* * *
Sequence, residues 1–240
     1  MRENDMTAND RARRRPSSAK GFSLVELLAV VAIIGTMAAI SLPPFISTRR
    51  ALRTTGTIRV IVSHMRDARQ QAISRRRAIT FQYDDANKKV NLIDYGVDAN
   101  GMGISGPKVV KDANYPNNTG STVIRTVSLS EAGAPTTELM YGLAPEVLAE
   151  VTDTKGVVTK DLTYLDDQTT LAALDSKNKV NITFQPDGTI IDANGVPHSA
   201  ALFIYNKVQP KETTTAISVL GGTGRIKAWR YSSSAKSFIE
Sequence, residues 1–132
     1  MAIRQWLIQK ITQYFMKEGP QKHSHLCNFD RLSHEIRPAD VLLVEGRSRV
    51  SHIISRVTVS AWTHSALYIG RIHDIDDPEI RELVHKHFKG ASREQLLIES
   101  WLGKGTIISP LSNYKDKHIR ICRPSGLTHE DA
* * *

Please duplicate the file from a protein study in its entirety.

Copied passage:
Sequence, residues 1–240
     1  MRENDMTAND RARRRPSSAK GFSLVELLAV VAIIGTMAAI SLPPFISTRR
    51  ALRTTGTIRV IVSHMRDARQ QAISRRRAIT FQYDDANKKV NLIDYGVDAN
   101  GMGISGPKVV KDANYPNNTG STVIRTVSLS EAGAPTTELM YGLAPEVLAE
   151  VTDTKGVVTK DLTYLDDQTT LAALDSKNKV NITFQPDGTI IDANGVPHSA
   201  ALFIYNKVQP KETTTAISVL GGTGRIKAWR YSSSAKSFIE
Sequence, residues 1–132
     1  MAIRQWLIQK ITQYFMKEGP QKHSHLCNFD RLSHEIRPAD VLLVEGRSRV
    51  SHIISRVTVS AWTHSALYIG RIHDIDDPEI RELVHKHFKG ASREQLLIES
   101  WLGKGTIISP LSNYKDKHIR ICRPSGLTHE DA